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Despite their differences in character, Antigone and Miss Julie encounter the same fate.

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Introduction

Despite their differences in character, Antigone and Miss Julie encounter the same fate. Miss Julie set in the late 19th century, originally written by August Strindberg, is a tragic play, originally written in Swedish, and later translated by Helen Cooper in 1992. It is a naturalistic tragedy set in Midsummer Eve in the 1880s. Miss Julie (1888) is considered Strindberg's most famous work. It is acknowledged for its stylistic innovations and is a depiction of the play's twenty-five-year-old tragic heroine; doomed to a cruel demise. Antigone, conversely, an adaptation of Sophocles's play, revolves around the plays heroine, Antigone and her conflict with her uncle, Creon. Later translated by Jean Anouilh, the play is considered one of his most often produced works till date. Although both plays end with the death of the leading character, the circumstances by which they occur are very diverse. It is essential to observe the lives of the playwrights and see to what extent their own thoughts, beliefs and feelings are reflected in writing. This is predominant in the case of Strindberg, in particular the rise of his misogynist attitudes and his mental health condition. Strindberg believed that women were an inferior form, which can be seen through reading his preface to the play where he states: "She (Miss Julie) ...read more.

Middle

After swearing his loyalty, Antigone sends him away saying she will never become his wife, as she knows that she is to die under Creon's predicament. However, Haemon stays with Antigone till she dies proceeding to take his own life to stay with his beloved in a last embrace. This shows the contrast between the two characters where one, Julie, ill-treats men as if they were animals compared to Antigone who surrenders her love in order to abide to her faith and family duties. Jean, a servant in that society, aspires to belong to the same aristocracy Julie belongs to, thus arises an interest in her. The pair is shown to tell of a dream they have, which seems to be almost prophetic. Julie's dream is that she is on top of a high pillar unable to get down but longing to touch the ground, almost afraid to see what may come ahead if she is unable to do so. She says if she did reach the ground, she would "want to sink lower, lower."5 Jean in contrast dreams of lying under a tree and longing to be on the tree instead, high up enabling him to see the horizon. The only thing standing between that from happening is the branch, which appears to be too high to reach out to, but he says, "I know if I can only reach it... ...read more.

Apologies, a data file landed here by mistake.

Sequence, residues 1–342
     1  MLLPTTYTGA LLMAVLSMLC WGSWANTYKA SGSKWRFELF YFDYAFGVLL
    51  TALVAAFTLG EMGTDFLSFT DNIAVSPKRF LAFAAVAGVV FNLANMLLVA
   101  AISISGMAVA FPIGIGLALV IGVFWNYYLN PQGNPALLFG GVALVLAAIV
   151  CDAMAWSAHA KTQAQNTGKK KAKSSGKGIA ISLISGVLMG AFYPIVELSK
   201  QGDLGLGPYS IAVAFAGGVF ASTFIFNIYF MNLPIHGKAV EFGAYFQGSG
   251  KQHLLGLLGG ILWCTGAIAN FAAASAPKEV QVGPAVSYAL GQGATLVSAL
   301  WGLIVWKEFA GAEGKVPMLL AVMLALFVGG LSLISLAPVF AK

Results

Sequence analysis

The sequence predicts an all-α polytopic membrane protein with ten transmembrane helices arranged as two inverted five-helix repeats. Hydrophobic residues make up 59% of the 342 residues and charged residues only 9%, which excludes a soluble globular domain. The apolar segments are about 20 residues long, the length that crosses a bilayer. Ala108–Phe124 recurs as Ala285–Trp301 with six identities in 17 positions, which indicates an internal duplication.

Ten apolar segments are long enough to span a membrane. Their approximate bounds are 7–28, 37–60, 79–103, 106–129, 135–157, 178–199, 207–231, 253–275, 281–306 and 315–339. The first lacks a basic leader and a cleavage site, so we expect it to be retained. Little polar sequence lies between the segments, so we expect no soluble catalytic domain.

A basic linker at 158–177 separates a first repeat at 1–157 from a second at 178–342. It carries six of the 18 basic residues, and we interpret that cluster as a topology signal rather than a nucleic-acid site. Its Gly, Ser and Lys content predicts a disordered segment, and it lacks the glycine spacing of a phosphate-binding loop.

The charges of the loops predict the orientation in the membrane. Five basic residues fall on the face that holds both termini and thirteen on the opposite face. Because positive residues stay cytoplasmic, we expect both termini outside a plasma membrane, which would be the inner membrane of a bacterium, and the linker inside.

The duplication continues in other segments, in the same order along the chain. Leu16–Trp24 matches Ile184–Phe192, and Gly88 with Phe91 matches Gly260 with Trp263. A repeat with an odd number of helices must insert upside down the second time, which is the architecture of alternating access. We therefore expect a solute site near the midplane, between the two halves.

Conclusion

Antigone never regretted her decision of proceeding with the burial and never once did she vaguely think of submission or an apology in order to flee death. Accordingly, Antigone died as a solitary martyr and attained a tragic stature by undertaking her revered sense of duty. Perceptive, idealistic, self-righteous Antigone refused to compromise. Despite their differences in character, one being a woman from aristocracy, scarred by her upbringing and caught in a whirlwind of one's status in society, another, a headstrong sister, who rebelled against her uncle in order to ensue her duties to her family, they both encountered the same destiny, a doomed demise, death. 1 Miss Julie, August Strindberg, translated by Helen Cooper, published by Methuen Drama. 2 Miss Julie, August Strindberg, translated by Helen Cooper, published by Methuen Drama. 3 Miss Julie, August Strindberg, translated by Helen Cooper, published by Methuen Drama. 4 Miss Julie, August Strindberg, translated by Helen Cooper, published by Methuen Drama. 5 Miss Julie, August Strindberg, translated by Helen Cooper, published by Methuen Drama. 6 Miss Julie, August Strindberg, translated by Helen Cooper, published by Methuen Drama. 7 Miss Julie, August Strindberg, translated by Helen Cooper, published by Methuen Drama. 8 Antigone, Jean Anouilh, translated by Lewis Galantiere, published by Methuen co. and Ltd. 9 Antigone, Jean Anouilh, translated by Lewis Galantiere, published by Methuen co. and Ltd. 10 Antigone, Jean Anouilh, translated by Lewis Galantiere, published by Methuen co. and Ltd. ...read more.

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